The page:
The event will start at noon on the southeast corner of 30th Street and El Cajon Boulevard in North Park. There will be a march east ending at the south-side bus stop at the intersection of El Cajon Boulevard and the Route 15 on-ramp, where there will be a dynamic group of human-rights advocates attesting to their own fight against human trafficking, as well as a speak-out for all to share their stories of modern-day slavery.
Confirmed speakers include a representative of Af3irm San Diego’s Purple Rose Campaign against sex trafficking on a transnational level; Estela de los Rios, executive director of the Center for Social Advocacy; Dilkhwaz Ahmed, M.S., executive director for License to Freedom, on forced marriage and torture in Middle Eastern cultures; Enrique Morones, founder of Border Angels, on immigration and trafficking; and more to come.
Human trafficking is a form of modern-day slavery in which people profit from the control and exploitation of others. As defined by U.S. law, victims of human trafficking include children involved in the sex trade, adults 18 or over who are coerced or deceived into commercial sex acts, and anyone forced into different forms of labor or services, such as domestic workers held in a home or farmworkers forced to labor against their will.
The factors that each of these situations have in common are elements of force, fraud or coercion that are used to control people. That control is tied to inducing someone to perform commercial sex acts, labor or services. Numerous people in the field have summed up the concept of human trafficking as “compelled service.”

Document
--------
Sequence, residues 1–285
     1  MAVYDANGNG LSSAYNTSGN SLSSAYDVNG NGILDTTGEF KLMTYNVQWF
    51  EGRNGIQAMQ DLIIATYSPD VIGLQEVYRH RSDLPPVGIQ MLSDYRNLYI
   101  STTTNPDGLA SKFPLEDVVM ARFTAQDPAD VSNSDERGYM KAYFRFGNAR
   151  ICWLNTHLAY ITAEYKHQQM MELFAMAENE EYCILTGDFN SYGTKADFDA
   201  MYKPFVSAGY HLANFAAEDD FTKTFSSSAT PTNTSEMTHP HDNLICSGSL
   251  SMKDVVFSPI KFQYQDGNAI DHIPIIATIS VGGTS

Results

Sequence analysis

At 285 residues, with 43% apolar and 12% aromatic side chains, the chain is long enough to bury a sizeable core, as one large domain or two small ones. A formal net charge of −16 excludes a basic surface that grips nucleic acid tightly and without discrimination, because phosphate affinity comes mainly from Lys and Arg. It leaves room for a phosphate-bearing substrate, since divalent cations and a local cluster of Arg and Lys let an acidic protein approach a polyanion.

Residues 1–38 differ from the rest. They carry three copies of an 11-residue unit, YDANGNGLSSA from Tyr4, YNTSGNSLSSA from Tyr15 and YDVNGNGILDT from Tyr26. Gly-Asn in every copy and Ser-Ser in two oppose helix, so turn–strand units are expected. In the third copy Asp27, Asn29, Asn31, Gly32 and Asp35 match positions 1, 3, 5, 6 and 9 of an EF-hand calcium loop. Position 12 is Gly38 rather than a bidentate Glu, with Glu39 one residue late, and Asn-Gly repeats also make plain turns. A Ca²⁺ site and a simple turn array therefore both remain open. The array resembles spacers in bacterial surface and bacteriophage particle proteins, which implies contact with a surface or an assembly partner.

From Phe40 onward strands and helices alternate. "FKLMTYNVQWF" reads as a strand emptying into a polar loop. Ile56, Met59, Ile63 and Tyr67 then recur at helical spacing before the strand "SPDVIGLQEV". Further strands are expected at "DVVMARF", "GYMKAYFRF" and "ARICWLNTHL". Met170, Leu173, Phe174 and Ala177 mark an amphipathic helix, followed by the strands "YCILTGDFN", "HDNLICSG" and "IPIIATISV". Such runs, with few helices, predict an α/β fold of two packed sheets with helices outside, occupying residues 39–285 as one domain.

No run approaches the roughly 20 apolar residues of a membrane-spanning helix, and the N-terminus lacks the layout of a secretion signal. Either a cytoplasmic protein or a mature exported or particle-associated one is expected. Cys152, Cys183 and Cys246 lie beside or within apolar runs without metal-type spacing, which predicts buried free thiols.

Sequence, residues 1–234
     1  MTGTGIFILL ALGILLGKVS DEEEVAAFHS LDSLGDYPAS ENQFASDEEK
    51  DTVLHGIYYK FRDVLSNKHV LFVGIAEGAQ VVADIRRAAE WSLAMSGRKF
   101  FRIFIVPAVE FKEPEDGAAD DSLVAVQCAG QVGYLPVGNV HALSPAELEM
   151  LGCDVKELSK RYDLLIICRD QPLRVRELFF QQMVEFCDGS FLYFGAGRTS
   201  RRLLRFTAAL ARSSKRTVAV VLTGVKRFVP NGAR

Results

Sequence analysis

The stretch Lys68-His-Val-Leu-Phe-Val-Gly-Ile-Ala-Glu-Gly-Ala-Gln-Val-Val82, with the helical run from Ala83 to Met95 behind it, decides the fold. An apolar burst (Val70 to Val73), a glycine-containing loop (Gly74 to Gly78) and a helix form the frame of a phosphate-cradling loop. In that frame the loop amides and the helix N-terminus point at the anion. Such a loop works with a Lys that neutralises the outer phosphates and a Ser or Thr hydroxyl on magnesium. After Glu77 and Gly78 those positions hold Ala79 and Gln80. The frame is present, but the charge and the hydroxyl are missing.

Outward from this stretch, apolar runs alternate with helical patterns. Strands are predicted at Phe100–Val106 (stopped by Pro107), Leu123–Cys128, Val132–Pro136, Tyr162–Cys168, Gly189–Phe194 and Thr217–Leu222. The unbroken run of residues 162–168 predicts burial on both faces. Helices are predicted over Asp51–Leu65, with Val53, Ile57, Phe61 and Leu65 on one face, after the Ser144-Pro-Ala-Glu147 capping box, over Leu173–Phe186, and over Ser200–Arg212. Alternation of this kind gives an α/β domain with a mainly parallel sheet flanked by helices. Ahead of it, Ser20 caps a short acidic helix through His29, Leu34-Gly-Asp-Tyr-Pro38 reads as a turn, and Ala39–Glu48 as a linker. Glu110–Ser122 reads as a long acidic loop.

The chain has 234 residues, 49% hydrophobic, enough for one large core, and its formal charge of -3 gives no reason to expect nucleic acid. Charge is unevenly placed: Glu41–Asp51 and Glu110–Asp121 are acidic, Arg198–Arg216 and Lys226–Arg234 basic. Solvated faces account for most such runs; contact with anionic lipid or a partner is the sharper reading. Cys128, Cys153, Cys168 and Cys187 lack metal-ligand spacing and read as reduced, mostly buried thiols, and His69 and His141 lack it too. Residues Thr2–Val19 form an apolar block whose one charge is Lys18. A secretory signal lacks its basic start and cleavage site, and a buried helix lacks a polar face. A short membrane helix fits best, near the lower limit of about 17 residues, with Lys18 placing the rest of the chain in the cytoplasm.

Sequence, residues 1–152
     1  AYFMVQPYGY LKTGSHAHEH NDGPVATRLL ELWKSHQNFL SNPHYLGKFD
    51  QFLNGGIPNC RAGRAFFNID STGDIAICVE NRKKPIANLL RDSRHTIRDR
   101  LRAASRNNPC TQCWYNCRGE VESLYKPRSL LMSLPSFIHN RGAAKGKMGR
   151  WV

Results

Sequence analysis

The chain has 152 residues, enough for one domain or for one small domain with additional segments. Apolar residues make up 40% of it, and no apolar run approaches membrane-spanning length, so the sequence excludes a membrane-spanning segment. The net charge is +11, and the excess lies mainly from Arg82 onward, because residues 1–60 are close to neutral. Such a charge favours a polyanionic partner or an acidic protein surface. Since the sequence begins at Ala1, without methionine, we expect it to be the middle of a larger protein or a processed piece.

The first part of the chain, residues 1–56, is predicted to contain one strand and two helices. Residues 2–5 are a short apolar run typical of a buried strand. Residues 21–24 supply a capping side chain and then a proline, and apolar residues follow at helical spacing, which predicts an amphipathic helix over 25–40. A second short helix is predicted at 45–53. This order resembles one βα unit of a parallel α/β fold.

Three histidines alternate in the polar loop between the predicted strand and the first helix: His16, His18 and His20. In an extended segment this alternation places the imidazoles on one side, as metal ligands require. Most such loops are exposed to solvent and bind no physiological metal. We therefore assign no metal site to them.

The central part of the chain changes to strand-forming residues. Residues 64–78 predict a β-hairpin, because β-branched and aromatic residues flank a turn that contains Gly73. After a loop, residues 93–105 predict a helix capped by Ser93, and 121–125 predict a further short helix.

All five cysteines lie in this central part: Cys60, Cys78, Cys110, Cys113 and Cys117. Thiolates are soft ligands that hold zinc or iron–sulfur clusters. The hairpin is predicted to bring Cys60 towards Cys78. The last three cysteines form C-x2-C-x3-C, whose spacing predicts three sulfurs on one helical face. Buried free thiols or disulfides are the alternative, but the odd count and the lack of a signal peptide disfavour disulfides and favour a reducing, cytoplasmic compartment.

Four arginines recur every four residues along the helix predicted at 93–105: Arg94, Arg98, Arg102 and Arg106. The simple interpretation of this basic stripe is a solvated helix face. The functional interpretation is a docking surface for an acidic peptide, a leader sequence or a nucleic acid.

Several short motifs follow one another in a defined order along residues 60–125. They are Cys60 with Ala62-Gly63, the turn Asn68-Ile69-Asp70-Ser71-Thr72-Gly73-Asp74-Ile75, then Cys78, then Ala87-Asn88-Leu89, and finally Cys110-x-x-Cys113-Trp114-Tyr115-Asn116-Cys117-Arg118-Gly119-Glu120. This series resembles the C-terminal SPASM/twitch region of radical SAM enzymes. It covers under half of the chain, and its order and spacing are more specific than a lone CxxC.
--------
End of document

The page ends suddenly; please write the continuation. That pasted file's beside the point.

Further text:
Every year, human traffickers generate billions of dollars in profits by victimizing millions of people around the world, including the United States. Human trafficking is considered to be one of the fastest growing criminal industries in the world. Already it has surpassed illegal weapons trafficking as the number two source of income for criminal gangs in the U.S. (the illicit drug trade remains number one). Law enforcement agencies in San Diego have identified this city as an international gateway for sex trafficking and one of the 13 U.S. cities with the most trafficking of children for the commercial sex trade.
Human trafficking affects every country in the world, regardless of socioeconomic status, history or political structure. Human traffickers have created an international market for the trade in human beings based on high profits and demand for commercial sex and cheap labor. Trafficking is estimated to be more than a $40 billion industry, affecting 161 countries worldwide. In the U.S., sex trafficking has been found in a wide variety of venues in the overall sex industry, including residential brothels, hostess clubs, online escort services, brothels disguised as “massage parlors,” strip clubs and sale of sex on the streets.
The Radical Feminists of San Diego, sponsors of the April 7 event, are a group that sprang up out of Occupy San Diego (OSD) with the intention of increasing women’s participation in OSD and helping build a feminist movement. They describe themselves as “a dynamic bunch of feminist rebels of all colors, sexualities and ages” who “gather to take actions, share our stories, educate each other and more.” For more information, visit http://www.facebook.com/phoenonimalcat or http://www.change.org/profiles/lilladybigimpact